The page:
MR PRICE: Well, Barak, when it comes to the ICC, I just gave you our response to this. I don’t think I would want to go any further. Obviously, we are taking a close look at the decision today. I think broadly when it comes to the ICC, as we’ve said, we share the goals of the ICC in promoting accountability for the worst crimes known to humanity. At the same time, and you heard me allude to this just a moment ago, we have always taken the position that the court’s jurisdiction should be reserved for countries that consent to it or that are referred to by the UN Security Council. I think I would – I need to leave it at that.
We will go to Joseph Haboush.
OPERATOR: Please, go ahead.
QUESTION: Hi. Thanks for this. There have been no mentions, at least I may have missed them, on Syria, Iraq, or Lebanon in readouts of Secretary Blinken’s calls with foreign leaders. I understand it’s still very early on in the administration, but is this a sign that the Biden administration considers these three countries to be a part of the bigger problem in dealing with Iran?
And just a second one. Will the issue of Lebanon’s Hizballah and its arms be a priority for the Biden administration in dealing with Lebanon, or do you – do they plan on distinguishing between the need to form a competent government and looking to deal with Hizballah’s arms at a later time? Thanks.
MR PRICE: Well, when it comes to Lebanon specifically, I would refer you to the quite lengthy statement that Secretary Blinken and his French counterpart issued yesterday on the six-month anniversary of the explosion in Beirut. That offers a pretty robust explanation of where we stand, of where we stand with the people of Lebanon, and so I would refer you there.
We will go to Nick Schifrin.
OPERATOR: I’m sorry, to Nick Allen?
MR PRICE: Nick Schifrin of PBS.
OPERATOR: One moment. Thank you. Please, go ahead.
And staying on Yemen, I want to confirm that given President Biden’s statement yesterday that the U.S. is pulling support for Saudi operation, can you respond to the criticism that even though that support is only for intelligence and for guidance, that that support actually prevents the Saudis from being even worse at targeting, and that pulling support will mean the Saudi bombs may kill more civilians? Thanks.
MR PRICE: Well, Nick, to your first question, when it comes to the Houthi designation, I believe in his first appearance in the press room Secretary Blinken was asked among those moves by – the last-minute moves by the last administration that were under review what his priority would be, and he spoke at length about the designation of Ansarallah. He said at the time that we would move expeditiously through that review given the humanitarian implications of that last-minute move. I think he actually cited the fact at the time that some 80 percent of Yemen’s civilian population lives under Houthi control. And so in the first instance, we want to make sure that we are not doing anything to make life worse or even more miserable for the long-suffering people of Yemen, which by most accounts is home to the world’s worst humanitarian catastrophe.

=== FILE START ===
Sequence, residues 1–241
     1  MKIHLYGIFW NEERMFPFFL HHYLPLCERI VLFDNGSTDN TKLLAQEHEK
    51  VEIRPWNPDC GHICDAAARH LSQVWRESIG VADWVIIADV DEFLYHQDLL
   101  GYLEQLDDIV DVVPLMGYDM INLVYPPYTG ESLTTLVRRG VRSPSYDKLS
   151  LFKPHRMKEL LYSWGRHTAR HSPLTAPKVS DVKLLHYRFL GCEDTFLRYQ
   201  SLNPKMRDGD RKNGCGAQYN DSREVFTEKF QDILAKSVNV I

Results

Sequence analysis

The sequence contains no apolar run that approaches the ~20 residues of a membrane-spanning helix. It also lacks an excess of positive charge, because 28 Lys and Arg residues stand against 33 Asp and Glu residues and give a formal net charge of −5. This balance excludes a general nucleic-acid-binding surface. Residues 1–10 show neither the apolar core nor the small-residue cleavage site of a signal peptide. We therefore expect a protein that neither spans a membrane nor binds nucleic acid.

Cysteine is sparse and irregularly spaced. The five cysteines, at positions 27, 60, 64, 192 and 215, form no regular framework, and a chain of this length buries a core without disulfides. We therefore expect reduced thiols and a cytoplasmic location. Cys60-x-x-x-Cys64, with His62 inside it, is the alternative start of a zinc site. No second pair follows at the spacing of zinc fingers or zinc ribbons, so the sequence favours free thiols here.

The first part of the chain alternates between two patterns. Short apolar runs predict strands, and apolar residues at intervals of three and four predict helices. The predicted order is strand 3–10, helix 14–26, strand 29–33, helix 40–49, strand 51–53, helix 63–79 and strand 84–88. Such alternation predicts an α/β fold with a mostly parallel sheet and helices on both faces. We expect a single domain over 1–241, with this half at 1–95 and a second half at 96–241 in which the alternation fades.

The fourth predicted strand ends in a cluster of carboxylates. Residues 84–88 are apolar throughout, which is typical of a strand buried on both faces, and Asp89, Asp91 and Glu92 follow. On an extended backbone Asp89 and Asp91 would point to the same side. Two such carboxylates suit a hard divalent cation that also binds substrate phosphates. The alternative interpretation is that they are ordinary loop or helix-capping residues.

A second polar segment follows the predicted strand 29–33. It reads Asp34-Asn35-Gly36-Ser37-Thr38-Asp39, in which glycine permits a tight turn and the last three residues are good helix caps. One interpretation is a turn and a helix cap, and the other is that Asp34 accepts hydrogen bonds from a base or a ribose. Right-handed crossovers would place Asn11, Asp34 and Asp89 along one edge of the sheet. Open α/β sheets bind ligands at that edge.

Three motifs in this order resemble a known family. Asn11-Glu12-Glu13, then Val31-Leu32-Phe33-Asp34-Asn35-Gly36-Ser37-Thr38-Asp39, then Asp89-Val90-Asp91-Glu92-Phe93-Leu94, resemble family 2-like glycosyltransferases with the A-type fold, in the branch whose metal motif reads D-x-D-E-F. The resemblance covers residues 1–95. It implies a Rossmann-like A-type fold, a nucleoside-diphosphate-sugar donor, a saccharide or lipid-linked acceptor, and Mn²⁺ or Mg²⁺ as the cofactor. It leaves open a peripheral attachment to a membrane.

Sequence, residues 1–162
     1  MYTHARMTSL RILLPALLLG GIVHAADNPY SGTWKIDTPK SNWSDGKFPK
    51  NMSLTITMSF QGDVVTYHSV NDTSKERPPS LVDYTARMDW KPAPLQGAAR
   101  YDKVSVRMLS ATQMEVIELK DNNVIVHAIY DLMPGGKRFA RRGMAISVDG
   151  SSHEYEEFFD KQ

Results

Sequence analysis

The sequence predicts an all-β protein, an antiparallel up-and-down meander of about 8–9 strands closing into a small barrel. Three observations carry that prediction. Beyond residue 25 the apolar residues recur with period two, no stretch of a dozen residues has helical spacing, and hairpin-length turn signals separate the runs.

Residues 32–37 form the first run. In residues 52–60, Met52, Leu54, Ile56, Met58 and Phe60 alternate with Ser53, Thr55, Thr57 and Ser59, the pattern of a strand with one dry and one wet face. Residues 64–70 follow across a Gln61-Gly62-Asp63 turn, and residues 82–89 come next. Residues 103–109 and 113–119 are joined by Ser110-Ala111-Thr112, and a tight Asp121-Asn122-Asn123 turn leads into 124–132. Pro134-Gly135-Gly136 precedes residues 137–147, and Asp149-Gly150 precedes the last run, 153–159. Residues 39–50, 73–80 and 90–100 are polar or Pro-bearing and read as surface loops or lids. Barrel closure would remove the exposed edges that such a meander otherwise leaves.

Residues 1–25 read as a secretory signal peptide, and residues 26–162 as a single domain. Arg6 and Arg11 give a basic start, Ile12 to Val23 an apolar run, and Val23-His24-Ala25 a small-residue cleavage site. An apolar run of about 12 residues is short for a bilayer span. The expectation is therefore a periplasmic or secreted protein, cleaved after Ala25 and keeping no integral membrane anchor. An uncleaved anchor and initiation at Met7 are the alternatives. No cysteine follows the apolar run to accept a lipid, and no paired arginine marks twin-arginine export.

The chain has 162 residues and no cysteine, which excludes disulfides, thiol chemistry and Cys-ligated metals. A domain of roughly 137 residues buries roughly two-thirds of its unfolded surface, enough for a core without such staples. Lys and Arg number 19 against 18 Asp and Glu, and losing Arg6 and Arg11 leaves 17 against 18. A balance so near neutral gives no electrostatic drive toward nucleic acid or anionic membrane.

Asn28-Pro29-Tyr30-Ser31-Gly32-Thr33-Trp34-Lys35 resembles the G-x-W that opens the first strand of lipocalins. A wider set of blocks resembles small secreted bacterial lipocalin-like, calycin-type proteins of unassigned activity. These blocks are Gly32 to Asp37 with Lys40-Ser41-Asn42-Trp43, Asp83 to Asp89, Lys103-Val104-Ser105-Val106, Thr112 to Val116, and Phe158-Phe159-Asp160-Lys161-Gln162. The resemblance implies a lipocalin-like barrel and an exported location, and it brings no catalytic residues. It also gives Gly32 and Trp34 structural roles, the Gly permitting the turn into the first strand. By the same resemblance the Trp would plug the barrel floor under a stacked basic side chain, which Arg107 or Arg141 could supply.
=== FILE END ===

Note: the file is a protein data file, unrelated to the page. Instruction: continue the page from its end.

So people in this building, people across the interagency have been taking a very close but swift look at these issues. Before we would be able to make any sort of decision to lift this, we would need to notify Congress as the first step, because we intend to get back to regular order in that regard. Don’t have anything to announce there, but as soon as we do we will be sure to let you know.
When it comes to Yemen and what you heard from President Biden yesterday, it is true that we are stepping up our diplomacy to end the war in Yemen, which I mentioned before, a war that has created both a humanitarian and strategic catastrophe. And he spoke about a few elements to that. First, you heard him say that the main focus of our efforts will be the diplomatic effort to end the war in Yemen via the UN-led process to impose a ceasefire, open humanitarian channels, and restore long-dormant peace talks. Working closely with the UN envoy, Martin Griffiths, and led now, as you heard the President announce yesterday, by Special Envoy Tim Lenderking, our primary objective is to bring the parties together for a negotiated settlement that will end the war and the suffering of the Yemeni people. We have no illusions about how challenging this will be, but it is our priority and we recognize that there is no military solution to the war in Yemen.
Second, as the President said, we are ending all American support for offensive operations in Yemen, including relevant arms sales. Importantly, this does not apply to offensive operations against either ISIS or AQAP, but it does include both materiel and restricting, as you alluded to, our intelligence sharing arrangement with Saudi Arabia and the Saudi-led coalition in accordance with the President’s guidance. All arms sales to Saudi Arabia will return to standard procedures and orders, including with appropriate legal reviews at the State Department. We’ve re-established an interagency process for working through the details of these individual cases. It will be led by the White House and with all relevant agencies at the table bringing expertise, discipline, and inclusivity back to our policymaking on these issues.